The purpose of this paper is to summarize the significant responses of the staff of the SEC to 16 frequently asked questions (FAQs) which supplement prior guidance on Rule…

Abstract

Purpose

The purpose of this paper is to summarize the significant responses of the staff of the SEC to 16 frequently asked questions (FAQs) which supplement prior guidance on Rule 15a‐6 under the Securities Exchange Act of 1934.

Design/methodology/approach

The paper lists Rule 15a‐6 activities, refers to prior guidance on the rule, and summarizes the following issues, among others, covered in the FAQs: transactions between a foreign broker‐dealer and a person temporarily in the USA, distribution by a foreign broker‐dealer of research reports to major US institutional investors, activities of foreign broker‐dealers taken with unaffiliated registered broker‐dealers, boundaries to the definition of “solicitation” by a foreign broker‐dealer of a US investor, and minimum net capital requirements for a registered broker‐dealer in a chaperoning arrangement with a foreign broker‐dealer.

Findings

This guidance does not break new ground and may be supplemented in the future. An amendment of Rule 15a‐6 is still necessary to address its fundamental limitations.

Originality/value

The paper provides practical explanation by experienced financial services lawyers.

Article
Publication date: 5 September 2016

Andrew Blake, Robert Robinson, Alex Rovira and Charles Sommers

To alert financial market participants to rules jointly proposed by the US Securities and Exchange Commission (SEC) and US Federal Deposit Insurance Corporation (FDIC…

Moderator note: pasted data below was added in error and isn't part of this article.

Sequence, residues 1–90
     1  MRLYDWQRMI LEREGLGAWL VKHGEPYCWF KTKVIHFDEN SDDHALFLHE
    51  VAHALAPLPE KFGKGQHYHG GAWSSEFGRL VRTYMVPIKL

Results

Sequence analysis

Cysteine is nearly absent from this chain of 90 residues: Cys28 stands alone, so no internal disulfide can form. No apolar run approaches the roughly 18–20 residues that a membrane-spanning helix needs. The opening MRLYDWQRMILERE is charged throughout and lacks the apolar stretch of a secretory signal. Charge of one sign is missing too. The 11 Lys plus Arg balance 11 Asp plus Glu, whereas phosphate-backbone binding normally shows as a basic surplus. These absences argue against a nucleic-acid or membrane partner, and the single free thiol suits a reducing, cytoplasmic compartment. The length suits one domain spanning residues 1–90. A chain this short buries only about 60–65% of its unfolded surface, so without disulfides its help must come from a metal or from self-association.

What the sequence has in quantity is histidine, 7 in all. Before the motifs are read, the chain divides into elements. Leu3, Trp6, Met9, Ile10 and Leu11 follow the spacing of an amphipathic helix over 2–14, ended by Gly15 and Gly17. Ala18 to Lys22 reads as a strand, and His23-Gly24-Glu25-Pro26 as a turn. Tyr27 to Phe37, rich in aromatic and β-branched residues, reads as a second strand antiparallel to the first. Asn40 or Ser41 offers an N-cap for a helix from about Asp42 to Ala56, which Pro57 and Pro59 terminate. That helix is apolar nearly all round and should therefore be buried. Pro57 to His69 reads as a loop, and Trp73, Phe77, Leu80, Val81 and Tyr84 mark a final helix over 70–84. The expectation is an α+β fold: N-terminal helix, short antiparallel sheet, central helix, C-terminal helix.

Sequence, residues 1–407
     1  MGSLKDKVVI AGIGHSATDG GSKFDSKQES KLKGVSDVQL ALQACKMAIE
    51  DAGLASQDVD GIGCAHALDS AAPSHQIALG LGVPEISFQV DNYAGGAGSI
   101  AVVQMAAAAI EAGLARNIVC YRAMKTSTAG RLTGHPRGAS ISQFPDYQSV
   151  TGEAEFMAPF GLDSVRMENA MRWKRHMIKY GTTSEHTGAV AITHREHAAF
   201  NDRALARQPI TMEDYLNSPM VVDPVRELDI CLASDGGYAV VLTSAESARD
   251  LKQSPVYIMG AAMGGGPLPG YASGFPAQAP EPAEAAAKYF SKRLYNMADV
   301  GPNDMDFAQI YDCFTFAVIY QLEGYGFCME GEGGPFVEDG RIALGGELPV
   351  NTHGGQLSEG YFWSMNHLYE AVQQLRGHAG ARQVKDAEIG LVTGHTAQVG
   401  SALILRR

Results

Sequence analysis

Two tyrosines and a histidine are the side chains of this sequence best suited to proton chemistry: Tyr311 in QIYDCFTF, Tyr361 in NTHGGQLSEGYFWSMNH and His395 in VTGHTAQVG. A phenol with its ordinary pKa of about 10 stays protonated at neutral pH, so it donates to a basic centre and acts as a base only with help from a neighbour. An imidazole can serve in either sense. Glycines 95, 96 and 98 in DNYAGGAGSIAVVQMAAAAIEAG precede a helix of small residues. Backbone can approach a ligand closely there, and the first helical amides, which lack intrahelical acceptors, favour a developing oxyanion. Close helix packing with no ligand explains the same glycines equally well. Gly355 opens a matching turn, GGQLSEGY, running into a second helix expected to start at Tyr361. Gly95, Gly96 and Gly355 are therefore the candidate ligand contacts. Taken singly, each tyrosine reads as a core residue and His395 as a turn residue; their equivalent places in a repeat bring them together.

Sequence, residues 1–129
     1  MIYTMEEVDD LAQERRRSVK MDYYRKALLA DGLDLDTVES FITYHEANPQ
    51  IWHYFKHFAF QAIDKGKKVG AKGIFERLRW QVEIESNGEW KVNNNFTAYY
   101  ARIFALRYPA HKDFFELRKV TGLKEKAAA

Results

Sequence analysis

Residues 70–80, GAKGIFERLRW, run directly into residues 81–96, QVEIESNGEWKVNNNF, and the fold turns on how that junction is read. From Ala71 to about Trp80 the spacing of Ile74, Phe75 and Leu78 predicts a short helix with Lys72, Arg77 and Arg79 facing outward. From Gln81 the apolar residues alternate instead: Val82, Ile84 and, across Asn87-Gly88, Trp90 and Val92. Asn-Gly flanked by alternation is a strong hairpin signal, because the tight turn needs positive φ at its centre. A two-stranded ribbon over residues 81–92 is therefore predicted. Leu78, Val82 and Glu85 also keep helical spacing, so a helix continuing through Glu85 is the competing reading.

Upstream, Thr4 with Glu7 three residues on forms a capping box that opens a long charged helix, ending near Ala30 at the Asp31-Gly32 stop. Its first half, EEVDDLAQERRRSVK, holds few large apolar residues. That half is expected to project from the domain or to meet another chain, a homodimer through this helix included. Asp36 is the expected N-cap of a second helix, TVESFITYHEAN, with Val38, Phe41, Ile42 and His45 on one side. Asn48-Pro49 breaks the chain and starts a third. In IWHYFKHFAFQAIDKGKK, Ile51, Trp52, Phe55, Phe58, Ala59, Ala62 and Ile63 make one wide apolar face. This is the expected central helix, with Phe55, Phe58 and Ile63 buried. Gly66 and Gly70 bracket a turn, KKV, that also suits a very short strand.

Abstract

Purpose

To alert financial market participants to rules jointly proposed by the US Securities and Exchange Commission (SEC) and US Federal Deposit Insurance Corporation (FDIC) regarding orderly liquidation of certain large broker-dealers as mandated in Title II of the Dodd-Frank Wall Street Reform and Consumer Protection Act of 2010 (Dodd-Frank).

Design/methodology/approach

Explains how typical broker-dealer liquidations are generally effected, the alternative of determining a broker-dealer to be a “covered broker-dealer” to be liquidated through an orderly liquidation proceeding under Title II of Dodd-Frank, the appointment of the FDIC as receiver and Securities Investor Protection Corporation (SIPC) as trustee, the requirement for the SIPC to file a protective decree with a federal district court, the possible use of “bridge broker-dealers” to facilitate an orderly liquidation, the FDIC’s procedures for settling claims of customers and other creditors against covered broker-dealers, and additional proposed provisions for administrative expenses and unsecured claims.

Findings

Counterparties of broker-dealers that could be subject to an orderly liquidation proceeding should evaluate the proposal and consider whether, if adopted, the rules would require any changes to credit risk or other internal procedures. Large broker-dealers that could be the subject of such an orderly liquidation proceeding should do the same. Although the formal comment period has closed regarding the proposal, market participants that did not submit comments but who still wish to influence final rule making should still consider submitting written comments to the SEC and FDIC or otherwise advocating before them.

Originality/value

Practical guidance from experienced securities and financial services lawyers.

Article
Publication date: 1 December 1974

Anne Wilkin

Some librarians and information workers would suggest that although the name information broker is new, the services provided by the broker are no different from those…